the evidence standard of proof. More specifically, plaintiff
asserted that the Government must establish the elements of a
loss of citizenship by clear and convincing proof. The Seventh
Circuit agreed, reasoning that the loss of one's citizenship is
such a serious loss that the clear and convincing standard is
constitutionally mandated. Accordingly, the Seventh Circuit
ruled section 1481(c) to be invalid.
The Seventh Circuit, however, did not overturn any of this
Court's factual findings, and noted that under the evidentiary
standard prescribed by section 1481(c) this Court's ultimate
conclusion was correctly reached. Id. at 10. Moreover, in
connection with its remand instructions, the Seventh Circuit
intimated that the evidence might support a judgment in
defendant's favor even in light of the stricter standard of
proof which the Seventh Circuit sought to require. Id. at 12.
Before this Court could rule on the evidence pursuant to the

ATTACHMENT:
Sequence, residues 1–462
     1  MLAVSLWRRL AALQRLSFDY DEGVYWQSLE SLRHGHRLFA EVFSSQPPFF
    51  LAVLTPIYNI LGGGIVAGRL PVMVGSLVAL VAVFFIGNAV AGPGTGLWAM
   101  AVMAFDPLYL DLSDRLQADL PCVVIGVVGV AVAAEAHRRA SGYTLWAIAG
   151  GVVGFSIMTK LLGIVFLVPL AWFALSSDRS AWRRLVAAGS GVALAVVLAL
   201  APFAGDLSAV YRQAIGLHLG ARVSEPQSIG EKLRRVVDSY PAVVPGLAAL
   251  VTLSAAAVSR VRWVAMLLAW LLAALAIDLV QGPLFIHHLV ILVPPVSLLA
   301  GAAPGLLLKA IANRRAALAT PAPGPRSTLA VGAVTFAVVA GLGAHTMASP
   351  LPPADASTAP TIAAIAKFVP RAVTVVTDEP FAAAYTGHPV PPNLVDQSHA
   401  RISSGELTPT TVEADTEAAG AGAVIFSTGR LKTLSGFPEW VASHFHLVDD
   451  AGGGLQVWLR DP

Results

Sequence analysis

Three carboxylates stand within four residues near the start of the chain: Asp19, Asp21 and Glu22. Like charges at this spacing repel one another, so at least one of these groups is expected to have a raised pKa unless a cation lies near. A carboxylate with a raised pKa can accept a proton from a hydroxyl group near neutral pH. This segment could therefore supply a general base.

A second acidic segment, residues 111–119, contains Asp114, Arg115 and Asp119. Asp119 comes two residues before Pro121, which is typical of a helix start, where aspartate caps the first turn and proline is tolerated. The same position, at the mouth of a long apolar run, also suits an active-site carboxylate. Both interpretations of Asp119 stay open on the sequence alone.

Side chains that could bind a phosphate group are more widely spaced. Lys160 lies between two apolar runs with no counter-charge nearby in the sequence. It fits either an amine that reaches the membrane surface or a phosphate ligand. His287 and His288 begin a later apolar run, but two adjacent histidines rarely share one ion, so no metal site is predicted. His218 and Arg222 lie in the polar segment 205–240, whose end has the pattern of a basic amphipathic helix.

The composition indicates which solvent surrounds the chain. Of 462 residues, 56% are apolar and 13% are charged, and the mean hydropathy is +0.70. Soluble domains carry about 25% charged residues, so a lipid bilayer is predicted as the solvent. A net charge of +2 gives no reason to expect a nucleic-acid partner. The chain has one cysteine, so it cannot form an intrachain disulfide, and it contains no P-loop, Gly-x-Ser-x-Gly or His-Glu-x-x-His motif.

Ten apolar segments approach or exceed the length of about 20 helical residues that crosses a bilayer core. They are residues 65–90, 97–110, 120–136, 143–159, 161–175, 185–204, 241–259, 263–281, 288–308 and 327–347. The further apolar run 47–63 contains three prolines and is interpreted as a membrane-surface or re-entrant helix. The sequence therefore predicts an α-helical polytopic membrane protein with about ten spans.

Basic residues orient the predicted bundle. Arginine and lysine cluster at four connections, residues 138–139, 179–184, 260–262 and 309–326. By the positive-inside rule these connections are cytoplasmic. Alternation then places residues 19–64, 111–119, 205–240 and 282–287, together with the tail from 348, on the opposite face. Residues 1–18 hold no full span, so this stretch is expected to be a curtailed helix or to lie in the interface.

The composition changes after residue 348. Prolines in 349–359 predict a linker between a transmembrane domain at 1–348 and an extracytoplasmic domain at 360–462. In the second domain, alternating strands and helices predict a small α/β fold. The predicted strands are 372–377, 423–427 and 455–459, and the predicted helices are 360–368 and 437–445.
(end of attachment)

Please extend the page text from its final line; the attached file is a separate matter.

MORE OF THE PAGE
Seventh Circuit's remand, the Supreme Court reversed the
Seventh Circuit's holding that section 1481(c) was
unconstitutional, affirming Congress's prerogative to legislate
a preponderance of the evidence standard of proof. Vance v.
Terrazas, 444 U.S. at 264-267, 100 S.Ct. at 547-48. That
portion of the Supreme Court's opinion which prompted
plaintiff's instant petition for judgment was occasioned by the
Government's assertion before the Supreme Court, apparently for
the first time during the course of this litigation, that the
Government need not establish an intent to relinquish
citizenship in order to destroy one's citizenship, only that
one of section 1481's enumerated acts has been committed. Id.
at 256-257, 100 S.Ct. at 543. The Supreme Court rejected that
argument, holding that while the acts of expatriation specified
in section 1481(a) may be highly persuasive on the question of
intent, acts of expatriation neither are conclusive evidence of
an intent to relinquish citizenship nor raise a presumption of
an intent to relinquish.*fn2 Id. at 264-267, 100 S.Ct. at 547,
548. In short, the Supreme Court made it clear that it is the
Government's burden to establish by a preponderance of the
evidence both that an intent to expatriate was manifested, as
well as that an act of expatriation was committed. Id. at 268,
100 S.Ct. at 549.